In the latest blow to Paula Deen's business empire, Target has joined retail giant Walmart in severing ties with the TV personality.
"We have made a decision to phase out the Paula Deen merchandise in our stores as well as on Target.com," Target told CNBC
Similarly, Novo Nordisk, which hired Deen as a spokesperson for their diabetes drug Victoza, announced that they are distancing themselves from Deen, saying, "Novo Nordisk and Paula Deen have mutually agreed to suspend our patient education activities for now, while she takes time to focus her attention where it is needed. Novo Nordisk would like to acknowledge Paula's involvement in our 'Diabetes in a New Light' campaign, where she has helped make many people aware of type 2 diabetes and the lifestyle changes needed to control this serious disease."
Deen confirmed last year that she has been a longtime sufferer of Type 2 diabetes.
On Wednesday, retail giant Walmart said it would stop selling her food-related products and Caesars Entertainment announced it was ending its relationship with the embattled culinary star as an endorser of four restaurants.
"We are ending our relationship with Paula Deen Enterprises and we will not place new orders beyond those already committed," Walmart said Wednesday in a corporate statement. "We will work with suppliers to address existing inventories and agreements."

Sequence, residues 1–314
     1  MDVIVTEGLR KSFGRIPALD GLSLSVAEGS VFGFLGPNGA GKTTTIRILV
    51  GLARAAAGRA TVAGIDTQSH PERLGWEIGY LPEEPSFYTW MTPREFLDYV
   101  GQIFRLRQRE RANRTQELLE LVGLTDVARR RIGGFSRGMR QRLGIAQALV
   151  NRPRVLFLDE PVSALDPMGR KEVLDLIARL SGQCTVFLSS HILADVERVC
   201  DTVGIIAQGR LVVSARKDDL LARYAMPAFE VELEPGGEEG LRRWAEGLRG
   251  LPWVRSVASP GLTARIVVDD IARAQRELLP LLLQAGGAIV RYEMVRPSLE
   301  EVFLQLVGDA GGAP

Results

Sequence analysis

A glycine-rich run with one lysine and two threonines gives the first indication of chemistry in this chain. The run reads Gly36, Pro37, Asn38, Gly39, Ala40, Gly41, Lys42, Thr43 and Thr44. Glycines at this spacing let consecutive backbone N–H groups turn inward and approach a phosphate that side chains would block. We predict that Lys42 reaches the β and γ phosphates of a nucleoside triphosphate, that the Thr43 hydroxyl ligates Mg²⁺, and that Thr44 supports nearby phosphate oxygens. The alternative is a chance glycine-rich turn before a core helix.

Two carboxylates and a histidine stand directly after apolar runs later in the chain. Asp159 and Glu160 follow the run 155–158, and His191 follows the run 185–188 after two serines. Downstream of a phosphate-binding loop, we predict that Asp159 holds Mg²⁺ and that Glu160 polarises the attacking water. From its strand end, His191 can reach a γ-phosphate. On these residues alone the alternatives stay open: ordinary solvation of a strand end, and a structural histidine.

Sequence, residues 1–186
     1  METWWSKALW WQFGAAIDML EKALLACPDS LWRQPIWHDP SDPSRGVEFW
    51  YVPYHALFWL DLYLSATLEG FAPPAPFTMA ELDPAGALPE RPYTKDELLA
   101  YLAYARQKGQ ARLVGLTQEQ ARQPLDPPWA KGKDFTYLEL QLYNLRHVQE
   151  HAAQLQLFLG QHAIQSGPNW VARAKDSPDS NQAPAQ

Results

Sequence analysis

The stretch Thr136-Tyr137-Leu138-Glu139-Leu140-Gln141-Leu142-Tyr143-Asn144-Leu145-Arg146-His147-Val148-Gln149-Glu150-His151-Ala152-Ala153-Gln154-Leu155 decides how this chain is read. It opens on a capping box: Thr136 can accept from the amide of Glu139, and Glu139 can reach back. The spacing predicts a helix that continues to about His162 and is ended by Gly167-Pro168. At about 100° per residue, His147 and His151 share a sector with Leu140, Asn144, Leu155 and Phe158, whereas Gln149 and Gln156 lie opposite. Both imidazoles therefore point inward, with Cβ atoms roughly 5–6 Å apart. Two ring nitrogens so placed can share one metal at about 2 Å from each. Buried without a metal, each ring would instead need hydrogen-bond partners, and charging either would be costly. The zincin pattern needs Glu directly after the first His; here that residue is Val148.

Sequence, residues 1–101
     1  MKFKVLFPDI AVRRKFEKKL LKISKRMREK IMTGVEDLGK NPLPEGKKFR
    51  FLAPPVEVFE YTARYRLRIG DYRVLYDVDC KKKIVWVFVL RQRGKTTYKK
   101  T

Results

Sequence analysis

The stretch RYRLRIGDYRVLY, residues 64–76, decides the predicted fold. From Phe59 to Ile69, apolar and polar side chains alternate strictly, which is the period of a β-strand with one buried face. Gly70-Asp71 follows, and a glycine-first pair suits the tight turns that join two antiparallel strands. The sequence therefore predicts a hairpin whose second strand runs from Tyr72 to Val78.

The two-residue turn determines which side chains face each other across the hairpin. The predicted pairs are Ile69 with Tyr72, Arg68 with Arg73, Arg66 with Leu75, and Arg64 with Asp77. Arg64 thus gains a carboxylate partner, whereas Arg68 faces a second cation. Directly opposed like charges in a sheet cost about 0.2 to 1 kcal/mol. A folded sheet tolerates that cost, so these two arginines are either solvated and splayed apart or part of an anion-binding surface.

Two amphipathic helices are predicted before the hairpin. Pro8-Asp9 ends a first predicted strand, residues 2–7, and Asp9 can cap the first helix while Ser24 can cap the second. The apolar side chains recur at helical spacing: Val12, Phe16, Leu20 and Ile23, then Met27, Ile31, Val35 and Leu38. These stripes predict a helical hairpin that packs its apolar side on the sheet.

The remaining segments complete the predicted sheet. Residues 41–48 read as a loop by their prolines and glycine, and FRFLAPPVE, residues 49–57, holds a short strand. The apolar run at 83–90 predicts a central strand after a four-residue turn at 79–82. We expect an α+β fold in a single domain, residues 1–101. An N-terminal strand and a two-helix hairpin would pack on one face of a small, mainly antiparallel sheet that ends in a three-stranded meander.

In its statement, Caesars -- which operates Paula Deen-themed restaurants at four of its casinos -- said it had reached a mutual agreement with Paula Deen Enterprises not to renew the companies' business relationship. The company said it would soon rebrand its four casino restaurants in which Deen's name is used to promote the buffet food.
"While we appreciate Paula's sincere apologies for statements she made in her past that she recently disclosed during a deposition given in response to a lawsuit, after thoughtful consideration of their impact, we have mutually decided that it is in the best interests of both parties to part ways at this time," said Jan Jones Blackhurst, executive vice president of communications and government affairs for Caesars Entertainment.
The news came on the heels of Monday's decision by pork producer Smithfield Foods to drop Deen as its spokesperson and after shopping network QVC put its relationship with the embattled TV chef on hold.
Deen, 66, was let go from Food Network last week after coming under fire for revealing in a court case deposition that she admitted using the N-word in the past.